1.A. The Himalaya Range
The Himalaya Range (meaning "home of snow"), stretching from Pakistan to Bhutan, separates the Indian subcontinent from the Tibetan Plateau. The world's highest peak, Mount Everest, at 29,029 feet, is in the Himalayas, as are scores of massive, beautiful, dangerous peaks climbers have given their lives to ascend. Their snowfields supply great rivers: the Ganges, the Indus, and the Brahmaputra.
I.B. Karakoram Mountains
The Karakoram (meaning "black gravel") Mountains of Pakistan mark the western end of the greater Himalayan mountain chain and contain the greatest concentration of high peaks on earth. The Karakoram is a mountain desert: a vast region of barren rock and ice, of gravel-covered glaciers where jeep roads cut through valley systems to remote villages still many days' walk from the high mountains.
1.C. Hindu Kush
The Hindu Kush, part of the Himalayan complex, is a group of ranges in Afghanistan and Pakistan. The name is said to mean either "border of India" or "killer of Indians." The Khyber Pass crossing it, connecting Afghanistan with Indian and Pakistan, has long been of great military importance, including during the 21st-century invasion of Afghanistan by the US.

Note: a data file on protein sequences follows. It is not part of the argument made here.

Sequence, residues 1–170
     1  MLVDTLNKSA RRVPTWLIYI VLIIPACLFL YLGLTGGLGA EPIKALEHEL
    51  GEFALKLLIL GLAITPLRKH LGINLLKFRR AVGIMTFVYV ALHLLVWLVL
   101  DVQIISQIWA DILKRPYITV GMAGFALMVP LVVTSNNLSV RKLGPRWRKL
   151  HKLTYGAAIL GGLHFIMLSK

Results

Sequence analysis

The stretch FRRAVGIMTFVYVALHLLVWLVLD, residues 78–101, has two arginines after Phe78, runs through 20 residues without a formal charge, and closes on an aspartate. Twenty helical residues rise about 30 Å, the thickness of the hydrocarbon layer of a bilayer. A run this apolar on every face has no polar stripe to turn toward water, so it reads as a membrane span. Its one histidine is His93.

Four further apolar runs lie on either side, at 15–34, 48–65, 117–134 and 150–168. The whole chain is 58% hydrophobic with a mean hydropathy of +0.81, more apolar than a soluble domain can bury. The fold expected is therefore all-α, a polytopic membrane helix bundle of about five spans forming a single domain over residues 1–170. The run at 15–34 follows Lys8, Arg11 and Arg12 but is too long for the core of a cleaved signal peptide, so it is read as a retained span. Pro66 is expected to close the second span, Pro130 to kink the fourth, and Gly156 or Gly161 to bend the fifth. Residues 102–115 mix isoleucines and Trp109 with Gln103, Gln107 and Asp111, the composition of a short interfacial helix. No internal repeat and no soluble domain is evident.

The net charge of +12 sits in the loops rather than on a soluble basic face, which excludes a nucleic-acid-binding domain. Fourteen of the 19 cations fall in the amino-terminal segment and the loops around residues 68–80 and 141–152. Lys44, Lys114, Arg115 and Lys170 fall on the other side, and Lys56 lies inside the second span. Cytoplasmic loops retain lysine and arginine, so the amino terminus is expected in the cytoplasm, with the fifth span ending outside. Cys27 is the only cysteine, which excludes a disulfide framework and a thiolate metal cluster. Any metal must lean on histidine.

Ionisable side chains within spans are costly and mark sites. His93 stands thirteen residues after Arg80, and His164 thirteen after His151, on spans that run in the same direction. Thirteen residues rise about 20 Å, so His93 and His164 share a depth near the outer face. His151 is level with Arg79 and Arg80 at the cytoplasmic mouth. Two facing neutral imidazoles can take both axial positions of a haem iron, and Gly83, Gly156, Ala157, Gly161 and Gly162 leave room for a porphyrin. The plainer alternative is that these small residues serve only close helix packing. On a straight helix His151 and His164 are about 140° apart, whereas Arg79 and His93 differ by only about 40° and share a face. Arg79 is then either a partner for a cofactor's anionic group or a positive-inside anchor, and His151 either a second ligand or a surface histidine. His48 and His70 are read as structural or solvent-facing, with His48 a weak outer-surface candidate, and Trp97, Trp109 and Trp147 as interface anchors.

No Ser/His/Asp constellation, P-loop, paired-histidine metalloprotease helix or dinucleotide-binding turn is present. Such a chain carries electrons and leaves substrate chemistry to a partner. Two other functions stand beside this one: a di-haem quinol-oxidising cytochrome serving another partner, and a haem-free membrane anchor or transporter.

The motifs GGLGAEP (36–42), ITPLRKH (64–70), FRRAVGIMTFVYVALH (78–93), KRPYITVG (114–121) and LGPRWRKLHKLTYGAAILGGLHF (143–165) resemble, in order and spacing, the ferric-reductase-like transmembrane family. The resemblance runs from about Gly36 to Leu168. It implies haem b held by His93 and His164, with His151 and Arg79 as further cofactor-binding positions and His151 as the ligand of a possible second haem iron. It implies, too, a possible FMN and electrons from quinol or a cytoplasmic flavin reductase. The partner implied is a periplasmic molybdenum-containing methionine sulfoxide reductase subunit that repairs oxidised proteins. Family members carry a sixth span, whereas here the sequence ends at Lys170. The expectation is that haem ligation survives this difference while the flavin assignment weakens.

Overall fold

I. D. Pamir Range
The Pamir Range, in Pakistan, Afghanistan, and Tajikistan, trends more north-south than the other Himalayan ranges. The ancient Silk Road, the long and dangerous land route between China and Europe, crossed it. Its highest peak is 24,590-foot Ismoil Somoni Peak, at one time called Stalin Peak, then Communism Peak.
II. Tian Shan
The Tian Shan (or Tien Shan) continues eastward from the Hindu Kush into China and is separated from the Himalayan ranges and Tibet to the south by the huge Taklimakan Desert in the Tarim Basin. The Tian Shan marks the northern boundary of another microcontinent that rammed into the southern edge of Asia before India did. Compression in the area is lifting the range up.
III. Andes Mountains
The world's longest mountain chain, and the highest outside Asia, is the Andes, running 7000 miles from Colombia to the southern tip of South America. Unlike the Asian mountain ranges discussed earlier above, which resulted from collisions between continents, the Andes are a result of plates bearing ocean crust colliding with the continent of South America. Since the Cretaceous period (about 65 million years ago, the time of the dinosaurs), ocean crust has been sliding below the west coast of South America, sinking, melting, and causing volcanoes and uplift. The Andes are part of the "Rim of Fire" surrounding the Pacific, marked by volcanoes, earthquake zones, and deep ocean trenches. The glaciers and snowfields of the Andes supply water to the arid coast of central South America as well as to the Amazon Basin.